Is There a Downside to the ALS Ice Bucket Challege?
From the school of “no good deed goes unpunished”
To a carpenter, every problem calls out for a hammer and a nail. To a lawyer, every situation presents a potential legal issue. When a company sponsors an ALS Ice Bucket Challenge, are there potential HR/legal/liability concerns to be wary of?
In this case, the concerns may be real and should not be ignored, but they also should not be deemed so grave as to deter participants from pursuing the philanthropic benefits.
When hosted in a work setting, such events do raise issues in the following areas:
- Wage and hour law. Is the time spent prepping and participating paid or unpaid time?
- Workers’ compensation. The potential for workers’ comp claims stems from the possibility of unintended health consequences, including heart attack, muscle strain from lifting heavy containers of ice water, falls from a step ladder, slipping on spilled ice, or head injuries from an impact with the bucket.
- Harassment. Claims of harassment could stem from wet T-shirts, reputational harm resulting from taunting, etc.
- Personal property damage. The water could damage or destroy clothing, jewelry, watches, cell phones, or other items.
- Privacy. Participants may claim invasion of privacy if a video clip of the activity is posted online and goes viral.
- Discrimination. Employees who decline to participate due to religious or other personal beliefs may feel ostracized, or be openly criticized by others based on such beliefs.
Under most applicable employment laws, activities that are truly social or recreational, i.e., not related to the company’s business purposes, and where employee participation is truly voluntary, may be deemed nonworking time, thereby insulating management from the obligation to pay wages and from the risk of work-related injury liability.
Much of the concerns about ice bucket drenchings may be overreactive, but more often the “after-the-fact” criticism comes from being unprepared rather than overprepared. So, to hope for the best but prepare for the worst, here is a possible release form that participants may be asked to sign. As with all such matters, you are also urged to review this situation with your own legal counsel.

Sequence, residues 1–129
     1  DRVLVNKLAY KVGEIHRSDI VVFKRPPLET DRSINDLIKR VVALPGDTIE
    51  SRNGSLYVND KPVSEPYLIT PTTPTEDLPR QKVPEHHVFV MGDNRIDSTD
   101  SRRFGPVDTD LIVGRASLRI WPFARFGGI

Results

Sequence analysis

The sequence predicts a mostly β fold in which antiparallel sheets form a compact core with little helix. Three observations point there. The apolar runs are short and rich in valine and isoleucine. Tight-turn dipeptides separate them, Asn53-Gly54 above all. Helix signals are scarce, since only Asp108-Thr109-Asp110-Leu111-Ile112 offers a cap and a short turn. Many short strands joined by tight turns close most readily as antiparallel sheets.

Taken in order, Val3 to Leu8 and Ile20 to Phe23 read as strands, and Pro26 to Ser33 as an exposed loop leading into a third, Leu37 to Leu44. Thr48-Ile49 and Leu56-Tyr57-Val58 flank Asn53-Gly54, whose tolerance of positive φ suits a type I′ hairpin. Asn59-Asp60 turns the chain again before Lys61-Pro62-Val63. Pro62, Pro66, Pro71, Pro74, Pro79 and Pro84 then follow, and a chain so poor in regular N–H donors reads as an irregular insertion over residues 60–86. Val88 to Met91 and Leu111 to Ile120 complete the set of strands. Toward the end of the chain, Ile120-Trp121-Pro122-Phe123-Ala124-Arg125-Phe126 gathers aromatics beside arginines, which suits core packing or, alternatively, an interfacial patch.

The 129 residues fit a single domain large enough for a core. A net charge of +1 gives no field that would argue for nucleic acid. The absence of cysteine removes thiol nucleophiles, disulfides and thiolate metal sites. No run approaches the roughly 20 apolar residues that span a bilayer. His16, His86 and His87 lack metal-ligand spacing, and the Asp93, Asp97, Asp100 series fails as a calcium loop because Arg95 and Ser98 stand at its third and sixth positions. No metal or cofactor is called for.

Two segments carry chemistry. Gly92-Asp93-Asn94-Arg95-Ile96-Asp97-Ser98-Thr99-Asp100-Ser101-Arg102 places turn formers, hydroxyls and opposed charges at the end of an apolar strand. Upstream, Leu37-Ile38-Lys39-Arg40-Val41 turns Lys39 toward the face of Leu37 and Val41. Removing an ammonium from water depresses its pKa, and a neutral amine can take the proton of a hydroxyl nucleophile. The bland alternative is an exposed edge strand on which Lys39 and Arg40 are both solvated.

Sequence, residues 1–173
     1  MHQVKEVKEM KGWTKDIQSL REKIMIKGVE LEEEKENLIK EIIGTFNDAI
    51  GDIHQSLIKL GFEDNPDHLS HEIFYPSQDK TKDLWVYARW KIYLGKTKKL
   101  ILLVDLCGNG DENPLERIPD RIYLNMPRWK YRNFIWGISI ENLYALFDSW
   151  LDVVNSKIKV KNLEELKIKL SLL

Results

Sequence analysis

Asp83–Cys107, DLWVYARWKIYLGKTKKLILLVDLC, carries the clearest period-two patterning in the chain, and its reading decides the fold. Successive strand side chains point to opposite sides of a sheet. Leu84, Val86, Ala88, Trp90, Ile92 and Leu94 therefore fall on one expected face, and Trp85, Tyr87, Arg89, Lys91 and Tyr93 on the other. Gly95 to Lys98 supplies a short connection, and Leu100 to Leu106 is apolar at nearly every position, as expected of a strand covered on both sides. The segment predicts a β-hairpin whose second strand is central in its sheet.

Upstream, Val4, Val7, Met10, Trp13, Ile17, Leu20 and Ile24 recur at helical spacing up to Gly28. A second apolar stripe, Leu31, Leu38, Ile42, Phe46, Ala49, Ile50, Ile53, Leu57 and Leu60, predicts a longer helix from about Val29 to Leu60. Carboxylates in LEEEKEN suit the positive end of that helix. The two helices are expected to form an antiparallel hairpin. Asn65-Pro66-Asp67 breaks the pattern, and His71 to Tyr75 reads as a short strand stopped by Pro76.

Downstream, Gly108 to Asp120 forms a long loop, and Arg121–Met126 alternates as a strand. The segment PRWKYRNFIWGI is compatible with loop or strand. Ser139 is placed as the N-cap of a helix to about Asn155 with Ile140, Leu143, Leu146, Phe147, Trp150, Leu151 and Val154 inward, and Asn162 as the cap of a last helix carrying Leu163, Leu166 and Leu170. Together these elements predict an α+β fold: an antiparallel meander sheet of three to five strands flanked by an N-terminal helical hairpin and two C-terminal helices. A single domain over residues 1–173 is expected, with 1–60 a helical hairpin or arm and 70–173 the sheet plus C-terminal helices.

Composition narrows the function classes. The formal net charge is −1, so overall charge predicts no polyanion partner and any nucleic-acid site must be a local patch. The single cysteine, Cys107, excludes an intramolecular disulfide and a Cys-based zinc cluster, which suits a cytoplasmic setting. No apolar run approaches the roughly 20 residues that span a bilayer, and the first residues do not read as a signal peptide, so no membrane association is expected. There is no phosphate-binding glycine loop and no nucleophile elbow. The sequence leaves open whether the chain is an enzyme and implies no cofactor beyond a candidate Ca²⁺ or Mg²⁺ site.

Participant Waiver – Voluntary Charitable Event – ALS Ice Bucket Challenge
I hereby recognize and acknowledge that:
1) My participating in XYZ Co.’s ALS “Ice Bucket” Challenge is solely voluntary, for my personal benefit as a nonwork-related charitable event/contribution, is recreational and social in nature, and is not in any manner or respect part of my work responsibilities or my duties.
2) XYZ Co. does not expect or require me to join or participate.
3) There will be no employment repercussions or consequences for not participating.
4) I acknowledge (a) that although unlikely, there may be some hazards associated with the ice bucket activity resulting from lifting a large container of liquid, a sudden dousing with ice water; and (b) that I should not participate if I feel the activity poses any risk to my health, well-being, or personal property, etc. I hereby certify that I am in good health and voluntarily assume all risks to person and property associated with this event.
5) Having read this waiver and knowing these facts and in consideration of your accepting my participation, I, for myself and anyone entitled to act on my behalf, waive and release XYZ Co., its officers, directors, agents, volunteers, and employees, the ALS Foundation, Inc., all sponsors, their representatives and successors, from all claims or liabilities of any kind arising out of my participation in this event even though that liability may arise out of negligence or carelessness on the part of the persons named in this waiver.
6) I grant permission to all of the foregoing to use any photographs, motion pictures, recordings, or any other record of this event for any legitimate purpose.
Participant printed name and signature date
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